Mia: Welcome to this community. You will find a wonderful group here who will never judge you, and will offer you support and advice.

    I'm sorry that you are going thru this nightmare of your son's drug abuse. I know how hard it is as a parent, and I really hope that your difficult child can find help for his problems. I would also encourage you to send your difficult child to the residential treatment center. Your difficult child is out of control now, and the only way that he can get the help that he needs is to get the daily intensive therapy that is offered at a residential treatment center. My 18 year old difficult child agreed to go to a rehab program, and this was the very best thing for all of us. He had counseling and all kinds of group therapy every day, and he learned a lot about what it takes to recover from an addiction. Unfortunately he was discharged after 30 days, and he relapsed almost immediately. Drug addiction is extremely hard to conquer, and many times it takes several different programs until the addict is serious about changing their life. My difficult child is in a drug treatment program in jail now, and even though he is in jail he is learning a lot about recovery in the counseling sessions, and this is what he needs right now. Your difficult child needs help, and I hope that you can make arrangements to get him in a program soon.

    I am sending you good wishes for the journey ahead of you. Keep posting here...
  16. toughlovin

    toughlovin Guest

    Welcome Mia,

    Your son sounds a lot like mine was. We did send my son to a wilderness progam and then a therapeutic school. I think he is still angry at us for doing that, and in some ways i wish it had focused more on drug rehab although I don't know if it would have mattered. What I do know is that the 18 months he was at that program, was 18 months where he was drug free.... and that was good for his brain development. They say emotional development stops at the age they start our drug using kids are much less mature than their peers of the same age.

    The other thing is that the time he spent away was good for my daughter and may have saved her from all the chaos that was there when he lived at home.

    He did come home after that, did great for about 6 months and went down hill from there... so it did not solve all the issues in our case but for some kids it did.

    So I agree with others take the opportunity to get him into rehab for what sounds like the beginnings of a serious drug problem. My son barely made it through high school.... he did manage to get a diploma but it was really by the skin of his teeth. And he is still struggling with serious drug issues and I am working on detaching as he is now 20 years old.

    Keep posting here, it is a wonderful community.

  17. NurseMia

    NurseMia New Member

    Thanks for your reply. Yes your situation sounds very similar to mine. My difficult child was sent back to detention center couple days ago. The judge is allowing him to have his evaluation at a very high rated facility this Friday at 6:30 PM. I am excited to have this happen and very glad it's happening while he's in the detention center instead of going to treatment facility straight from home. I think this gives him greater determination to stop using when he's in a situation that he doesn't like and doesn't want to be in in the future. He is back at the detention center because he posted a video online of him snorting his Zanaflex pill calling it Jacobs pill party. I immediatley notified his probation officer. Then I found a full bottle of Imodium empty and he was also hallucinating from taking some over-the-counter Legatrin PMs that I had forgotten I even had. That is what he does, he looks up OTC pills and checks to see if you can get high off of them. I had bought this bottle of pills three years ago, 75 were in the bottle and only 20 left when we found the bottle. I had maybe taken five, so he took that many in two or three days. That's the scary part. He doesn't even really know what it can do to him and with his other medications, could very easily overdose without even realizing it. I feel guilty, but it's such a relief when he is not in the home. My daughter and I can do things together and I can give her the type of attention she needs and deserves, even though she's 17, she has missed a lot of that in her teenage years. I'm glad I took the steps I did and called the police at this age because I really think this has been the biggest eye-opener for him. He does not like it at the detention center, and doesn't want to be there, so I'm hoping that he understands that this is the place that he will be if he doesn't change his ways and make different choices. He needs coping skills and ways to deal with his addiction, and this will happen at the treatment facility. I need to find out more about the detachment process. It's very hard for me to do and understand. Any information on that would be great, thank you.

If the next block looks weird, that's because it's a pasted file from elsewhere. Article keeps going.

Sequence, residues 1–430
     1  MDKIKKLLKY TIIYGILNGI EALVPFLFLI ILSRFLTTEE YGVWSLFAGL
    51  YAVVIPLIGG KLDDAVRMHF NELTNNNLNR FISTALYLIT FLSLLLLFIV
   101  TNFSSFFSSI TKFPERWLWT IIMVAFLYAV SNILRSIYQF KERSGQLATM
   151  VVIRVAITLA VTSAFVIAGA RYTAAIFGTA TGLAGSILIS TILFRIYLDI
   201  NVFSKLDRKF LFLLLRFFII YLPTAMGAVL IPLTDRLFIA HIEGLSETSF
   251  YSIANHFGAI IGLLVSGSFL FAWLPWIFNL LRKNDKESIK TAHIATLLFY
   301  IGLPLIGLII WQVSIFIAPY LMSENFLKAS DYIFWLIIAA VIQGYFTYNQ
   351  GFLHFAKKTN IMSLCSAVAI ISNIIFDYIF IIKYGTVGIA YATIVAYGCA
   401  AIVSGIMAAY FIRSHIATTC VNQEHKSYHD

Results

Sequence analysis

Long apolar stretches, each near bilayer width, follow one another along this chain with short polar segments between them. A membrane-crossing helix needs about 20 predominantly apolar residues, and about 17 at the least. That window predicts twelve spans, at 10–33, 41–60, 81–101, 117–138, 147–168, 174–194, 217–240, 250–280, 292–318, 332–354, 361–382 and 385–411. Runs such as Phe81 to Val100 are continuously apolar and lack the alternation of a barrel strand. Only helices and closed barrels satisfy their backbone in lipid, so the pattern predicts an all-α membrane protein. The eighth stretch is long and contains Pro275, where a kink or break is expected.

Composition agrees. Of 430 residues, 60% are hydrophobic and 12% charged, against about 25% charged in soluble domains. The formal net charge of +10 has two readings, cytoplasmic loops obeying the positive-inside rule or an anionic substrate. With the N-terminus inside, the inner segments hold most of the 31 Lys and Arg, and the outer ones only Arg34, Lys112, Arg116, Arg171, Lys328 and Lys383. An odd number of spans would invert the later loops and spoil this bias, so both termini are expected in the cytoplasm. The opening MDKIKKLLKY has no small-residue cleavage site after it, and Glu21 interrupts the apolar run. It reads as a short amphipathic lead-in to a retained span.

18. Nancy

    Nancy Well-Known Member Staff Member

    That sounds good Mia. I really hope he gets sent to that treatment facility.

    Detachment....oh my what a word. We just had a very long conversation about detachment on another thread. The bottom line is that detachment is different for everyone and we all get there at different times and at different levels. For some we cut off all contact, for others we can seperate the drugs from the person and continue with our relationship on a different level.

    If you want to read some of our comments on the subject go to the thread, It's Who I Am.